Neurological imaging reveals people more inclined to begin smoking as teenagers tend to have reduced gray matter in two important brain regions, indicating they may play a significant role in inhibition and addiction.
"Smoking is perhaps the most common addictive behavior in the world, and a leading cause of adult mortality," says Cambridge University psychologist Trevor Robbins.
"The initiation of a smoking habit is most likely to occur during adolescence. Any way of detecting an increased chance of this, so we can target interventions, could help save millions of lives."
An international team led by Fudan University bioinformatician Tianye Jia and cognitive neuroscientist Shitong Xiang compared MRI brain scans from over 800 people, collected from the UK, Germany, France and Ireland across different time points. These volunteers also answered questionnaires on personality traits.
The researchers then compared those who began smoking by age 14 with non-smokers and repeated this again with the same patients at ages 19 and 23.
The images revealed those who took up smoking from the age of 14 had comparitively less gray matter in the left ventromedial prefrontal cortex; a part of the brain involved in emotional regulation, decision-making, and self-control.
Scans taken five years later revealed the opposite part of this same brain region (on the right) was also reduced in the smoker group compared to non-smokers. This side of the ventromedial prefrontal cortex has also been linked to pleasure.
"The ventromedial prefrontal cortex is a key region for dopamine, the brain's pleasure chemical," explains Cambridge psychiatrist Barbara Sahakian. "As well as a role in rewarding experiences, dopamine has long been believed to affect self-control."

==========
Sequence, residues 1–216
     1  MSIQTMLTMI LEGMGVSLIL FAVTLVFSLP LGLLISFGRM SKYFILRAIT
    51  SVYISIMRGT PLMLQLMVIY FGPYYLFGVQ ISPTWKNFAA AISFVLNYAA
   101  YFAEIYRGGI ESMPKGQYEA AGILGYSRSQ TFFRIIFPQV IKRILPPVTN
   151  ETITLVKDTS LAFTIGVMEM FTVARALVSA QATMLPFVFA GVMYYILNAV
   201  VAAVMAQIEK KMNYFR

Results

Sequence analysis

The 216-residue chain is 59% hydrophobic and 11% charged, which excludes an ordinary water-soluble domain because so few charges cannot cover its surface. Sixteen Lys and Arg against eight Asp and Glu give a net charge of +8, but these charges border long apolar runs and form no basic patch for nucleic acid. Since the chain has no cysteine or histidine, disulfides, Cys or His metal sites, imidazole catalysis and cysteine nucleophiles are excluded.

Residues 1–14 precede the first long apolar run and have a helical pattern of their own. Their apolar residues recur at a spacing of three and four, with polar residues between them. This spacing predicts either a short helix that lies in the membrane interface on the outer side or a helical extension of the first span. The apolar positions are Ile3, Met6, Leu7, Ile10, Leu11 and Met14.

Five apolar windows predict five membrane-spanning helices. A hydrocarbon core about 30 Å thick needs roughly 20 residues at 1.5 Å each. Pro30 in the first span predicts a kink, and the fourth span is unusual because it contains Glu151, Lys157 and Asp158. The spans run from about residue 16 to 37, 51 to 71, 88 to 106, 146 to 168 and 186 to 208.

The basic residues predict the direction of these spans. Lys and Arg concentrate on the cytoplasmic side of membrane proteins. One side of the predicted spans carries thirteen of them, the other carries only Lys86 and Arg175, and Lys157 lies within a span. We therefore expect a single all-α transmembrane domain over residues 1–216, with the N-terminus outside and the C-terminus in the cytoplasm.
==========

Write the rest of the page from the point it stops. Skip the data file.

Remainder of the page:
Results from the questionnaires may suggest why.
"Both questionnaires examine the pursuit of thrilling experiences, but they measure distinct behaviors," explains Robbins. "The sensation-seeking scale focuses on pleasurable experiences, while the novelty-seeking questionnaire includes items on impulsiveness and rule breaking."
Participants whose answers revealed a greater tendency towards sensation seeking were more likely to have reduced brain matter on the right side of the ventromedial prefrontal cortex. While greater novelty seeking was associated with less gray matter on the left. This results in lower inhibitions and more risk taking, behaviors that increase the likelihood of smoking in teenagers.
"Smokers then experience excessive loss of gray matter in the right frontal lobes, which is linked to behaviors that reinforce substance use," says Jia – pressing those sensation-seeking pleasure button. "This may provide a causal account of how smoking is initiated in young people, and how it turns into dependence."
Another subset of the studied population were those who begin smoking by 19. They also had less gray matter in their left prefrontal cortex at 14 but their right side was the same as non-smokers until after they started smoking.
So reduced matter in the left frontal lobe may be an inheritable biomarker for people with tendencies toward addiction.
"Providing alternative non-drug rewards at the early stage of substance use may help prevent the transition to substance dependency," Jia and colleagues suggest.
They are keen to see if their findings also hold true for vaping.
One in five adult deaths in the US are attributed to smoking. Understanding who is most at risk before they even start could be life-changing.
This research was published in Nature Communications.